Reading time: Less than 1 minute
Increase your vocabulary and you’ll make your writing much more precise. That’s why I provide a word of the week. Today’s word: recursion…
What happens when medical diagnoses become automated? That was the question that physician and writer Siddhartha Mukherjee (author of the superb book The Emperor of all Maladies) addressed in an April 2017 New Yorker piece headlined, “A.I. vs M.D.”
I’m a longtime fan of the New Yorker and was one of my favourite pieces of 2017; I wrote about it earlier, lauding its superb use of figurative language. But in the same piece, Mukherjee also gave me my word of the week, recursion. Here is how he used it:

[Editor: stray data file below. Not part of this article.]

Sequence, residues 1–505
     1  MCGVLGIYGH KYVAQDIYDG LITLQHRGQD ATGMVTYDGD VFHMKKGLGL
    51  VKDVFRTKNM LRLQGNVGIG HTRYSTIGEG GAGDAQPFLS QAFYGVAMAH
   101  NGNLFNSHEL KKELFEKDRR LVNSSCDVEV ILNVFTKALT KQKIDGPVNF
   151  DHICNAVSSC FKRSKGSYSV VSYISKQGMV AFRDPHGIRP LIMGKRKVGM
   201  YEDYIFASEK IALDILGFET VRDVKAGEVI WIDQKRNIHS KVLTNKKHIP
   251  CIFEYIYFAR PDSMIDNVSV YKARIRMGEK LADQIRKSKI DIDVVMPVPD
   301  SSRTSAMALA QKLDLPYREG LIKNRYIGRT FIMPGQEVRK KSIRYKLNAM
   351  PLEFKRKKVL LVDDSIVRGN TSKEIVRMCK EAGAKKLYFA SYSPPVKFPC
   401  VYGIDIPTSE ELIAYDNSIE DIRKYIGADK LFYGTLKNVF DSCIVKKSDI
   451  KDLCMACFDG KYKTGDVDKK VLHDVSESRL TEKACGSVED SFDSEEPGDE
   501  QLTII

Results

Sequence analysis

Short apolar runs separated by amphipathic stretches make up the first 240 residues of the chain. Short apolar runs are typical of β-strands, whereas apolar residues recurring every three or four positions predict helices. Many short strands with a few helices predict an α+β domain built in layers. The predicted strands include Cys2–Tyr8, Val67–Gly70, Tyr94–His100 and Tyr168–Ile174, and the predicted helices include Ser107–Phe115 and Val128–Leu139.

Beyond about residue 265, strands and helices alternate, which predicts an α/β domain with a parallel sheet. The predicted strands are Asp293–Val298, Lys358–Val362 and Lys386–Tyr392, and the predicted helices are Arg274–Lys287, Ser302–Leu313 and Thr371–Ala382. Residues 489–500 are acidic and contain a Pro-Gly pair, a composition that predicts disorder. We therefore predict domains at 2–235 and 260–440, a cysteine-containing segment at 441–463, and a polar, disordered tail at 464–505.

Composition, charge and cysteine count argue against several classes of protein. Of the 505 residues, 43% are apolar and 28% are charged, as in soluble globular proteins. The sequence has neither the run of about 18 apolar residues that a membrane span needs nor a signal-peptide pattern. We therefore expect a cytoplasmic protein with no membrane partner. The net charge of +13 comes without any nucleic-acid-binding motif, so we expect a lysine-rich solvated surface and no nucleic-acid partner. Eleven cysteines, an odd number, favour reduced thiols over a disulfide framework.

Twenty-five such radiologist were asked to evaluate X-rays of the lung while inside MRI machines that could track the activities of their brains. (There’s a marvellous series of recursions here: to diagnose diagnosis, the imagers had to be imaged.)
Recursion occurs when a thing is defined in terms of itself or of its type. The most common application of recursion is in mathematics and computer science, where a function being defined is applied within its own definition. More simplistically, you might see a recursion as repetition. This is illustrated in the photograph above where you can see the image of someone wearing sunglasses multiplied numerous times in the image of the sunglasses themselves. (This act of repetition is also known as the Droste effect.)
The etymology of recursion is utterly straightforward. It is from the Latin recursionem meaning “a running backward, return.” The root is the same for the better-known verb “to recur.”
An earlier version of this post first appeared on my blog on July 12/17.